This case traces the development of a series of initiatives to intended to reduce stockouts of family planning commodities in Senegal’s public health system and the eventual scale up of the redesigned supply chain to include additional commodities and its transfer of management to the government. After providing some background on the history of Senegal, including its governance and health system, the case explores early efforts to overhaul the supply chain in the country and reproductive health efforts. It then describes the Gates Foundation’s involvement and how the relationship between family planning and supply chain management came to light. The Gates Foundation, along with others, supported the launch of the Informed Push Model with Third Party Logisticians (IPM-3PL), which proved to reduce stockouts dramatically. Despite significant initial support from both government ministries and international donor agencies, as the program scaled IPM-3PL did not survive the transition to a fully government-run model, and the program was eventually discontinued in 2019 after two attempts to hand over the program to Senegal’s National Supply Pharmacy (Pharmacie Nationale d'Approvisionnement; PNA), the government agency in charge of distribution of medicines. The case ends with the director of the PNA contemplating what was next for Senegal and what she could tell others who had been so closely watching the country as an example.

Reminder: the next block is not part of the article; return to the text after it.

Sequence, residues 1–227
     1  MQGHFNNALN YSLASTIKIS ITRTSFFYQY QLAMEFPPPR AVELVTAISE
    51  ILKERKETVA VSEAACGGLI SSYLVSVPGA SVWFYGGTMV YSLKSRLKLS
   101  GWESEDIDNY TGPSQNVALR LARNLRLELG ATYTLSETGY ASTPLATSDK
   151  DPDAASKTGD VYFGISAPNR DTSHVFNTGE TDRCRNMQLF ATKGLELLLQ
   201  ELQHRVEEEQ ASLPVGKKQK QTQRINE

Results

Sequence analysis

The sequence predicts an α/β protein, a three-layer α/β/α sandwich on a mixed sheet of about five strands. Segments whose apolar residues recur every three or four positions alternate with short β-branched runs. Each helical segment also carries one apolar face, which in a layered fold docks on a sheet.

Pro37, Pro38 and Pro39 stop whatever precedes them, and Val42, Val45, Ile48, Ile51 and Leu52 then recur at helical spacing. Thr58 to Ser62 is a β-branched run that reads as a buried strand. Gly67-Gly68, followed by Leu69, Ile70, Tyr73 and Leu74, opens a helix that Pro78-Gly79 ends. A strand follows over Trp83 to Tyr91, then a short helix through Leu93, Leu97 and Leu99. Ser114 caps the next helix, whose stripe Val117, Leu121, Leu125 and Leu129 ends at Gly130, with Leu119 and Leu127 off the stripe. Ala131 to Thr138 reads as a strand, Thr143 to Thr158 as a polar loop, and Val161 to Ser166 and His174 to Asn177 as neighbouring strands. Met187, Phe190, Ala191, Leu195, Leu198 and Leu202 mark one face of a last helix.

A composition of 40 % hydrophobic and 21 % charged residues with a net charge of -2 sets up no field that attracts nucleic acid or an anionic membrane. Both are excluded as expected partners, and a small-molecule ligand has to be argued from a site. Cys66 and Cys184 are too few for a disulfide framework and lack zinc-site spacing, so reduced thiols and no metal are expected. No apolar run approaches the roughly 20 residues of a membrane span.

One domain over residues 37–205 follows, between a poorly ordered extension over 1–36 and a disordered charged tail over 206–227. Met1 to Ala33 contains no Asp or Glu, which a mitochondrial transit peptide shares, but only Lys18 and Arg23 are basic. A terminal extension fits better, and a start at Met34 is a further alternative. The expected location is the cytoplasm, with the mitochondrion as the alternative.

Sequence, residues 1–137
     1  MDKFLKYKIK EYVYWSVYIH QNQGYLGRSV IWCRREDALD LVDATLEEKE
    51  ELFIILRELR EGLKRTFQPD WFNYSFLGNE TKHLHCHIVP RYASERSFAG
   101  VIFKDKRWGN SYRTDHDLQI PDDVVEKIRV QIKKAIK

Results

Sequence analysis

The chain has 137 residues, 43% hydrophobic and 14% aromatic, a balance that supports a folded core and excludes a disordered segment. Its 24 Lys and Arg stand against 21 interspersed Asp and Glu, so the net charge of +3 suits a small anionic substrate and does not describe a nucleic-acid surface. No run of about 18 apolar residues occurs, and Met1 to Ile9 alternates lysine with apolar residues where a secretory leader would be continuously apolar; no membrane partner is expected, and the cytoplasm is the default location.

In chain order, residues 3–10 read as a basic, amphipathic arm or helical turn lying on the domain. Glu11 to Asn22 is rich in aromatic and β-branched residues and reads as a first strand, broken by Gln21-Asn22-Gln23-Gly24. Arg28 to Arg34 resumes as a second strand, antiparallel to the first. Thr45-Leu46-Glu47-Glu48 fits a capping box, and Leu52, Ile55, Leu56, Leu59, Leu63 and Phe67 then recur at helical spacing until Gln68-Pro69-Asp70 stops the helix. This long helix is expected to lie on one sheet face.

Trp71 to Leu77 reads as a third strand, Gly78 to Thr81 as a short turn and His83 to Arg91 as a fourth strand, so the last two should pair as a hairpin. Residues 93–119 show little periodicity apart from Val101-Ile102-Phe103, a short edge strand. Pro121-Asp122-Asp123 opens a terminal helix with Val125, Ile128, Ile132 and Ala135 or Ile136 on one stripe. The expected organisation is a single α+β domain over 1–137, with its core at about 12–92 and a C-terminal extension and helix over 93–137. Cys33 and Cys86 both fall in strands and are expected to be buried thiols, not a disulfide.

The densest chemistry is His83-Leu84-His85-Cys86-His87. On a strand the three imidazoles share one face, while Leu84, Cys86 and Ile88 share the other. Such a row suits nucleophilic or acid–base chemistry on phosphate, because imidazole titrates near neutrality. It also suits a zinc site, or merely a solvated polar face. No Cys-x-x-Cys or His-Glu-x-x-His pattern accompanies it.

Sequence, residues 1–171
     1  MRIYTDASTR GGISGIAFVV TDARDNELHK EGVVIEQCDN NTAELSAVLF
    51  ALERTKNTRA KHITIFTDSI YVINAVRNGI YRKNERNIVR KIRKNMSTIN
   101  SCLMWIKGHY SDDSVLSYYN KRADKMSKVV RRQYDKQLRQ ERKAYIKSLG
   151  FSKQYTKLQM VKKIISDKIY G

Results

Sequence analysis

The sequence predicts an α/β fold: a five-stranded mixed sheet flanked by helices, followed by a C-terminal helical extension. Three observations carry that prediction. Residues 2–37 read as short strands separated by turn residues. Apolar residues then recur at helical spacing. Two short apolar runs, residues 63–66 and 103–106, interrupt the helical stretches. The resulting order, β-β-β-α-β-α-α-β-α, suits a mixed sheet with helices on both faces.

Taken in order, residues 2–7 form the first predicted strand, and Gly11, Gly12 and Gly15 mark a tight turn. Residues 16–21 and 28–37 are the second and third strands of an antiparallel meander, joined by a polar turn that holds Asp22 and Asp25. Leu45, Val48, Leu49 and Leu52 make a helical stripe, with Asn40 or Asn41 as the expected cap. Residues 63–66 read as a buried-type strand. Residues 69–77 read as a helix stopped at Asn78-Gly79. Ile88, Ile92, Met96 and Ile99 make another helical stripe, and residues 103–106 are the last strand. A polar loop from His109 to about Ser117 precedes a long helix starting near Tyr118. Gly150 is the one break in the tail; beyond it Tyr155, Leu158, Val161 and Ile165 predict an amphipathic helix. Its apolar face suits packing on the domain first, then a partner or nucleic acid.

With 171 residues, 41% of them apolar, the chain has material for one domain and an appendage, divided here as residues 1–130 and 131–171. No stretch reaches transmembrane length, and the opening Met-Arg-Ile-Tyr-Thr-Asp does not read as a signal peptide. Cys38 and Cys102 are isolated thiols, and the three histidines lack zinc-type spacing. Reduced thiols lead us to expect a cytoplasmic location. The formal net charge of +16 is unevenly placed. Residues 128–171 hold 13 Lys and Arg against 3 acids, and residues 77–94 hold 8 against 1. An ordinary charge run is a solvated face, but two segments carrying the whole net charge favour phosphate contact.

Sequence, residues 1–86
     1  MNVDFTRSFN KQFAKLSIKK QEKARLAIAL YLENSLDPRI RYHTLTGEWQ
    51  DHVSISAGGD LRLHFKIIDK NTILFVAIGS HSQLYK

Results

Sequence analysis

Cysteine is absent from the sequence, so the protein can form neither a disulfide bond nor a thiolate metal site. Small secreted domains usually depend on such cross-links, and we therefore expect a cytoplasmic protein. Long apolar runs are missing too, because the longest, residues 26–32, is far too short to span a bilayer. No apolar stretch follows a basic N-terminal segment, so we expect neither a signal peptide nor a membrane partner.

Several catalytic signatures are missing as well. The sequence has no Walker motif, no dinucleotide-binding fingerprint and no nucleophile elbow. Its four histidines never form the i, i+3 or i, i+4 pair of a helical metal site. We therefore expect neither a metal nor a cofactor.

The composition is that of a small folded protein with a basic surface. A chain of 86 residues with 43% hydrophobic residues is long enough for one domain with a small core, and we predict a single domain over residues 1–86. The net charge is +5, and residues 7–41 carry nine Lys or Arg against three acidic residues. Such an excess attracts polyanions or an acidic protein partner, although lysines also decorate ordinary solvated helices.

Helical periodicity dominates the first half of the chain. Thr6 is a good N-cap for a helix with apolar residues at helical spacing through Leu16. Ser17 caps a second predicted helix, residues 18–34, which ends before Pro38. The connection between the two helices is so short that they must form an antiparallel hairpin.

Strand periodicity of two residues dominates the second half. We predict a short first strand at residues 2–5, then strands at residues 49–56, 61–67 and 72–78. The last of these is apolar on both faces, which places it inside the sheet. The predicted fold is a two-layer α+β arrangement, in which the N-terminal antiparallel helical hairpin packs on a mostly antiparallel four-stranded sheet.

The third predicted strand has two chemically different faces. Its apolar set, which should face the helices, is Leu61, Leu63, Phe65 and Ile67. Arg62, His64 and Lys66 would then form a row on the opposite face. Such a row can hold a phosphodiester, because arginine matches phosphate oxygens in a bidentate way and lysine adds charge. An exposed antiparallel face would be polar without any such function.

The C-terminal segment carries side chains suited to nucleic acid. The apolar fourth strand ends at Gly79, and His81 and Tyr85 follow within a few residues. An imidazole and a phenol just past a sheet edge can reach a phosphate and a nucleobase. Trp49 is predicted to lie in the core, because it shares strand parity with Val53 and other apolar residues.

This case documents the need for and process to overhaul Senegal’s public health supply chain. A productive class discussion will allow students to appreciate the following:
Keywords: supply chain management, private-public partnership, maternal health, third party logisticians, informed push model, scale up, distribution